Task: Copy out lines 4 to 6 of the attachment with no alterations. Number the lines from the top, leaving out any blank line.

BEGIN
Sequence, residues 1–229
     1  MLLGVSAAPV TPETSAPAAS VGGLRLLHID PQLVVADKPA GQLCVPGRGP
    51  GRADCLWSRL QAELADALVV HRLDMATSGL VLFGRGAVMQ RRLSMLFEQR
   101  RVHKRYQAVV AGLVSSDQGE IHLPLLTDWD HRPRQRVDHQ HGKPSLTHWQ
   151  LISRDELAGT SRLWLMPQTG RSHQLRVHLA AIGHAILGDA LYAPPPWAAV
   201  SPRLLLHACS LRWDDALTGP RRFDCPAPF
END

   101  RVHKRYQAVV AGLVSSDQGE IHLPLLTDWD HRPRQRVDHQ HGKPSLTHWQ
   151  LISRDELAGT SRLWLMPQTG RSHQLRVHLA AIGHAILGDA LYAPPPWAAV
   201  SPRLLLHACS LRWDDALTGP RRFDCPAPF